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Ford Trends 2013: Opening the Highways to All Mankind

| Monday July 8th, 2013 | 0 Comments
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1925 artwork “Visions of Tomorrow” from The Saturday Evening Post as part of a Ford advertisement

I’m a sucker for industrial revolution era artwork. Billowing smokestacks as a sign of the progress of mankind churning out cars and widgets and massive machinery. One hundred years ago, ignoring what we now know about pollution and working conditions, a sea of smokestacks creating jobs and goods might indeed have been a magnificent sight. They are still common artistic subjects, often seen in developing countries.  Such things genuinely revolutionized life around the globe in mostly positive ways – few of which were as singularly transformative as the private motor car.

In late June, I had a chance to visit Ford’s Dearborn, Mich., headquarters for Ford’s annual Trends conference during which Ford’s CEO, Alan Mulally, revealed the restored painting above as part of a metaphor about the company’s transformative role in the 20th century. As far as art about Detroit industry goes, nothing compares to Diego Rivera’s DIA murals, however, this little advertisement (full version here) serves as a reminder of just how visionary the company was in the last century, and how forward-thinking, with a few hiccups here and there, the company hopes to continue being.

The purpose of last week’s conference was to discuss global megatrends affecting brands, consumers, and institutions. Influential thinkers from Steve Wozniak to Seth Godin were in attendance, as were plenty of folks from Ford who sought to learn and offer perspectives through the lens of their company. Refreshingly, nothing was off-limits in terms of conversation.

Ford identified 13 trends to think about for 2013 (see PDF download here) and chose 5 of them to talk about in in-depth panels during the conference:

1) Trust
On a panel which managed to explain fairly advanced concepts in corporate social responsibility to a newbie crowd, presentations by Ben & Jerry’s, Warby Parker, Ethisphere and Ford made the case that only trustworthy companies have a long-term future. Leon Kaye covered the details here.

2) Beyond Green
Refreshingly avoiding the novelty of “going green,” this panel assumed sustainability to be more than a trend. Rather, it is a hard-coded reality of life in the 21st century that may pose many corporate challenges but also presents rewards to the savvy. Andrea Newell walked us through one aspect of the panel which focused specifically on packaging and the ways the World Wildlife Fund is working to minimize packaging’s environmental impact.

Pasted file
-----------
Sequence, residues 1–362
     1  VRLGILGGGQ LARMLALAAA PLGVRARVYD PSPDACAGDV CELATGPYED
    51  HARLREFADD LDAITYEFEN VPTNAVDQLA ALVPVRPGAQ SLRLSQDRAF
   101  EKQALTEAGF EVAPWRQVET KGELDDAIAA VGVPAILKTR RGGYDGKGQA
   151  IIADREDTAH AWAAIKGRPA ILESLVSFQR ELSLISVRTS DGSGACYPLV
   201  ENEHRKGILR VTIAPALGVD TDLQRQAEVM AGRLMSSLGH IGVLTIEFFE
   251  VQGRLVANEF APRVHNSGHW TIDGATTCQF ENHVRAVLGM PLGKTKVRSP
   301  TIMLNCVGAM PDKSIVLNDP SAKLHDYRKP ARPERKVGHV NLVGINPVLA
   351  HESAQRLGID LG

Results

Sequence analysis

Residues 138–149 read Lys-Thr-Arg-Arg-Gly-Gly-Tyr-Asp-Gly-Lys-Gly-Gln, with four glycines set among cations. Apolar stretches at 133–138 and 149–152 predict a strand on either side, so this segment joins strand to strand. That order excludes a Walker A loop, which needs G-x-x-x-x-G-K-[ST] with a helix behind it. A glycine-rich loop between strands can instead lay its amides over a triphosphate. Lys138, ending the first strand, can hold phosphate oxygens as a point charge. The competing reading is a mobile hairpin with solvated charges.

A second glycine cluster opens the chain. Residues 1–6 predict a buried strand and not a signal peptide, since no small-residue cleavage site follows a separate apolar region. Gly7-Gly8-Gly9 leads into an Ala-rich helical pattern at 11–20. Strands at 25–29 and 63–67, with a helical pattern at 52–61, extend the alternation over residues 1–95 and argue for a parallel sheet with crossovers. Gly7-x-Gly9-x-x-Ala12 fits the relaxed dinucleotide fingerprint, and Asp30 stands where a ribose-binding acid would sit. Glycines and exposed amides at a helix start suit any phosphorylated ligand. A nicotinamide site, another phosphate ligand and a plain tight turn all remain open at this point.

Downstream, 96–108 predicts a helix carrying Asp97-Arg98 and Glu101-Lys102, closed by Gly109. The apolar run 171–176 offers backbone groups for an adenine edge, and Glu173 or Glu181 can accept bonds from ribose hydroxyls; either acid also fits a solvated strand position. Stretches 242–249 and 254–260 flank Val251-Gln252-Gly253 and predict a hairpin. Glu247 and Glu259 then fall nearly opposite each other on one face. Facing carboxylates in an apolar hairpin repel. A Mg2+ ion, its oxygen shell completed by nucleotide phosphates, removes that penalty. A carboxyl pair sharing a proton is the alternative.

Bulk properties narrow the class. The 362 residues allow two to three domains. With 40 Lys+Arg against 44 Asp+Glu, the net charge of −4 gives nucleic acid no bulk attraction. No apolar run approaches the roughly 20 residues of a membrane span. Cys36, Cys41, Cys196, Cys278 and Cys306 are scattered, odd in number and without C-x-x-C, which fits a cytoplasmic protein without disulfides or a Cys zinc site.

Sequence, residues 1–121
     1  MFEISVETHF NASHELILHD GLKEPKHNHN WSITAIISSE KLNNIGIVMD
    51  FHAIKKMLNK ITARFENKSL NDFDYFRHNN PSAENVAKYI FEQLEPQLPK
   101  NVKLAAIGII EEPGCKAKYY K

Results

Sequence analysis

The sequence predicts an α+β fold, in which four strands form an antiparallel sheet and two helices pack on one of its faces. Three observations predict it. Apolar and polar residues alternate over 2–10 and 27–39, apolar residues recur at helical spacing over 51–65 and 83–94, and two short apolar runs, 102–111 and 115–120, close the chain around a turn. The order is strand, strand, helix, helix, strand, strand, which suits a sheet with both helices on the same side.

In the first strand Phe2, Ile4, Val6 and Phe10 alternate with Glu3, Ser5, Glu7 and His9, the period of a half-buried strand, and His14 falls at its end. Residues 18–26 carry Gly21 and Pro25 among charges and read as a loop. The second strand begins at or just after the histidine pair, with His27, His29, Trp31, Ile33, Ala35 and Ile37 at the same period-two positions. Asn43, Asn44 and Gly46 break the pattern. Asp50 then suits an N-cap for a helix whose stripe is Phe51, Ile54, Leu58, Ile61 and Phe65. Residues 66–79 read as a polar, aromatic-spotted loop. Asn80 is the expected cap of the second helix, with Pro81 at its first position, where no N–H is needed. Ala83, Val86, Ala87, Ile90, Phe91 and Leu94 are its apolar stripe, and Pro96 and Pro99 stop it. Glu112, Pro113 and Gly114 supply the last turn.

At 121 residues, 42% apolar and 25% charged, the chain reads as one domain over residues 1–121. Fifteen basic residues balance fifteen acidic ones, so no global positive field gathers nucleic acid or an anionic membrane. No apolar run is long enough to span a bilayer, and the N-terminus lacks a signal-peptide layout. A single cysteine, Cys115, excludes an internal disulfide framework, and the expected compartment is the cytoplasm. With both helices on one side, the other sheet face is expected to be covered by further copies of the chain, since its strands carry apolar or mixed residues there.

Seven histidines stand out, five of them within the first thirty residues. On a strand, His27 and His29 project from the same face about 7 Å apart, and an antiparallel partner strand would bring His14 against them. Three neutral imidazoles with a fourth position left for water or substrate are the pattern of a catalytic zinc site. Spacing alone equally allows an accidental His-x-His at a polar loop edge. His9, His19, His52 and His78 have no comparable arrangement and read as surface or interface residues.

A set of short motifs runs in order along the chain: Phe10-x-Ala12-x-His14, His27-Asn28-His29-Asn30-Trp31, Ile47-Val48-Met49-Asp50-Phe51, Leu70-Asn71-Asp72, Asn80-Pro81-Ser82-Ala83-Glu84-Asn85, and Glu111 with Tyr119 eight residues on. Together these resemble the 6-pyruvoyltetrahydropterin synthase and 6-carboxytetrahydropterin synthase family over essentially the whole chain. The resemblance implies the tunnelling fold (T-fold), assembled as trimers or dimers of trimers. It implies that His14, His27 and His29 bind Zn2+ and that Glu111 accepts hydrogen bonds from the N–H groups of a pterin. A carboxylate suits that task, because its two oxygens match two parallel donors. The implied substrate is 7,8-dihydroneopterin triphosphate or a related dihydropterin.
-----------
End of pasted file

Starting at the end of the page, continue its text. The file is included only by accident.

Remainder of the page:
3) Hyper-connectivity
There is great demand and good reason to have one’s driving experience more connected to information like traffic reports, news, the ability to communicate with peers and more. But there’s a potential downside of hyper-connectivity: Anxiety, confusion and a potentially ironic decrease in productivity and quality of life. On this panel, covered by Phil Covington here, folks from MIT, Google and Ford riffed on the topic and concluded that a combination of both high tech and non-technical solutions could provide real solace.

4) Advanced technology
It goes without saying that cars are becoming extraordinarily advanced – to the point where they’ll likely be driving themselves in the near future.  Steve Wozniak, sitting on the panel, even went so far as to suggest owning a car might not make any sense when you could just summon one to your home and hop on like you would a bus.

5) Design as Story
One of my favorite panels of the day – moderated by Seth Godin – talked about trends in design and a challenge to the adage that “form” necessarily follows “function.”  Seth argued, in fact, that “form follows stories,” referring to the constant need, whether rational or not, for designers to understand longstanding cultural traditions and that challenging them is difficult and takes time. J Mays of Ford elaborated that this is precisely why car companies create somewhat implausible looking “concept cars” – they’re literally trying to get people used to the ideas so that in several years they can be rolled out and not be rejected. For me, it is another explanation as to why change can be so incredibly slow whether in design or in weightier matters. Andrea Newell covered it in more depth.

Thinking back on the painting above, brimming with the optimism of a young company literally changing the world, it’s refreshing to see questions being asked that might help bring that spirit back. The kind of questions that can help guide a global brand towards relevance in the 21st century. With a fast changing world and upstarts like Tesla hot on their heels, even an enormous company like Ford needs to learn to evolve quickly. The good news is that they seem very aware of this fact.

Note: Travel to Ford Trends 2013 was provided by Ford.


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